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Airbnb home-leasing business faces scrutiny in New York

October 07, 2013|By Stuart Pfeifer
  • Hope Arnold said she uses the Airbnb website to rent the bedroom of her home in the Silverlake neighborhood of Los Angeles. She said she uses the income to help pay her bills.
Hope Arnold said she uses the Airbnb website to rent the bedroom of her home… (Anne Cusack / Los Angeles…)

Airbnb Inc., the short-term home rental service for travelers, has been issued a subpoena from New York prosecutors.

State Attorney General Eric Schneiderman’s office is investigating whether people who put units on the Airbnb website are complying with state rental laws, Bloomberg News reported, citing an unidentified person familiar with the matter.

Airbnb, which has become increasingly popular in Southern California, allows people to rent homes and apartments on a short-term basis as an alternative to hotels. A 2010 New York law bars renters from subletting apartments for fewer than 30 days with some exceptions.

The trend has also been criticized in Silver Lake, where homeowners have complained that Airbnb hosts are running virtual hotels, packing homes with throngs of visitors whose presence alters the community feel.

"They're popping up everywhere," said Scott Plante, a Silver Lake neighborhood councilman. "They're all over Silver Lake, and it's the volume of these things. There has to be some sort of balance."

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Airbnb rentals violate Los Angeles zoning laws, which prohibit rentals shorter than 30 days, except for licensed hotels and bed-and-breakfasts, Silver Lake council member Anne-Marie Johnson said.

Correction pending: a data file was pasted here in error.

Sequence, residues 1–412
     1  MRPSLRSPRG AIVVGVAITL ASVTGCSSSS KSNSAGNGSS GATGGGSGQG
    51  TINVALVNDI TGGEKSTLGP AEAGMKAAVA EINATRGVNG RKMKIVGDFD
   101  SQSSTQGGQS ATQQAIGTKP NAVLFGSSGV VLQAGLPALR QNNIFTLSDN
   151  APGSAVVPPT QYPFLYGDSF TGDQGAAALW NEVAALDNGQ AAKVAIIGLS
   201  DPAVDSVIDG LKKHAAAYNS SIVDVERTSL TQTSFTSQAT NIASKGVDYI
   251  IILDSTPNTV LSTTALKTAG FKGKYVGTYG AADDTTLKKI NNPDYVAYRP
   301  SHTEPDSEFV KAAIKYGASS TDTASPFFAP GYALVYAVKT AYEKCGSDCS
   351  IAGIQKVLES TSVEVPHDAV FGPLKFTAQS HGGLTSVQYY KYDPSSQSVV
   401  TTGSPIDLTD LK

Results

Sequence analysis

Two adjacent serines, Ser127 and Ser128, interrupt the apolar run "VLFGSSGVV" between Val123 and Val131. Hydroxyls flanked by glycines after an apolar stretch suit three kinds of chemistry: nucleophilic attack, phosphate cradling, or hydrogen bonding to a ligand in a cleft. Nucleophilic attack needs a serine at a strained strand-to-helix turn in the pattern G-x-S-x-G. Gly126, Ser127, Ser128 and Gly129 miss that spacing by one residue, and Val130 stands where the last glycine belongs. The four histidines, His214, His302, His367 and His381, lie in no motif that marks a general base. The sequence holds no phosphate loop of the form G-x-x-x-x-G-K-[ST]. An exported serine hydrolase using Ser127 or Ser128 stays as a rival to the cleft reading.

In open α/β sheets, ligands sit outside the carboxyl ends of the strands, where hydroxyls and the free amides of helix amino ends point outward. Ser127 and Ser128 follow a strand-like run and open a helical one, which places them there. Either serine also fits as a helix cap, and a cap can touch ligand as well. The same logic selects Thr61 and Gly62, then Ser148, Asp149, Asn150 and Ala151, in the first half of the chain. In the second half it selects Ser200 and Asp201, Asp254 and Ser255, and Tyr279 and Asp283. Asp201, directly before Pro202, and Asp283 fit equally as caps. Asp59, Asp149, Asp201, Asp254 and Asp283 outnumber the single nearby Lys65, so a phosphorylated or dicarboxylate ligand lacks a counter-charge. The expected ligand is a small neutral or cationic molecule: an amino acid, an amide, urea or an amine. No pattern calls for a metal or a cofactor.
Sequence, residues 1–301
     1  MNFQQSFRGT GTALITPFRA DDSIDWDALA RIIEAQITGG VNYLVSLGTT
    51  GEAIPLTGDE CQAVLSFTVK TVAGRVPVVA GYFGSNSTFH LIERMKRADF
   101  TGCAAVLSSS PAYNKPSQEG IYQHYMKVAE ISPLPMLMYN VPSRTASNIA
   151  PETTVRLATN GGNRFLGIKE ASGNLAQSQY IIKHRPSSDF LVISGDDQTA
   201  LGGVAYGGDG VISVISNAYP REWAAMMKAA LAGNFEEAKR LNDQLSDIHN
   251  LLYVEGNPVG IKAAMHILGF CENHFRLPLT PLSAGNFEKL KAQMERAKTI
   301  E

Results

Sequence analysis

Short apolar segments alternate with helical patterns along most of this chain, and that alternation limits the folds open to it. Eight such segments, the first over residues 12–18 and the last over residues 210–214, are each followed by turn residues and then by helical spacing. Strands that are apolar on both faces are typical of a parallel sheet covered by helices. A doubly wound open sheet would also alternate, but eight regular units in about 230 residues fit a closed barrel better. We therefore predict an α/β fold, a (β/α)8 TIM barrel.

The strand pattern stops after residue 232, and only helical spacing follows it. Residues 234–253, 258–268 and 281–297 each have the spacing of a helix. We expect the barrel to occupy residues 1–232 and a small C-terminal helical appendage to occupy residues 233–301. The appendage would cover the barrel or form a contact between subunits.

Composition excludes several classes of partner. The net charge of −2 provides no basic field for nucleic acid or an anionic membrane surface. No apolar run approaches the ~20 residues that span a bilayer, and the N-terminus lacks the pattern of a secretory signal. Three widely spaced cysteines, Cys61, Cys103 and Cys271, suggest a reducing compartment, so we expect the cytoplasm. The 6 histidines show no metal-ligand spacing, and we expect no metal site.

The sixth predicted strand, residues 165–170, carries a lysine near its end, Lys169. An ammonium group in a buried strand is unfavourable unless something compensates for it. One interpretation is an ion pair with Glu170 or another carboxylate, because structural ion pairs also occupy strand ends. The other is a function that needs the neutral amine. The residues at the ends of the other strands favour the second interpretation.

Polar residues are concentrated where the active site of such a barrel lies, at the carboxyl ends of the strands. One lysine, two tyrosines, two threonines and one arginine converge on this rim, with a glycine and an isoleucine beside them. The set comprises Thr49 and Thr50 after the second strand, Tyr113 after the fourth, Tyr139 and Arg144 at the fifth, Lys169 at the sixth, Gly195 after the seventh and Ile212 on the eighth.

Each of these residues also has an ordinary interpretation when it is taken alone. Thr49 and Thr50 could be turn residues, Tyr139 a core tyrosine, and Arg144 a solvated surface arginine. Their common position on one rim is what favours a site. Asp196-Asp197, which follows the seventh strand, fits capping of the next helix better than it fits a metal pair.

In New York, Schneiderman’s office is targeting people who are renting large numbers of units or are leasing their properties for much of the year, Bloomberg News said. Casual hosts who occasionally rent personal apartments they own or lease aren’t a target of the probe.

Matt Mittenthal, a spokesman for Schneiderman, declined to comment.

New York City has been a legal battleground for Airbnb. Last month, the company helped a tenant who sublet his apartment through the service overturn a $2,400 fine levied by the city.

Democratic state Sen. Liz Krueger, the author of the state’s illegal-hotel law, has called Airbnb’s business model “unambiguously illegal” in the city.

In a blog post Sunday, Airbnb’s head of global policy, David Hantman, said the company wants “to work with governments to make the Airbnb community stronger.”

The demand from the attorney general’s office, seeking data on 15,000 New York Airbnb hosts, is “unreasonably broad and we will fight it with everything we’ve got,” he wrote.


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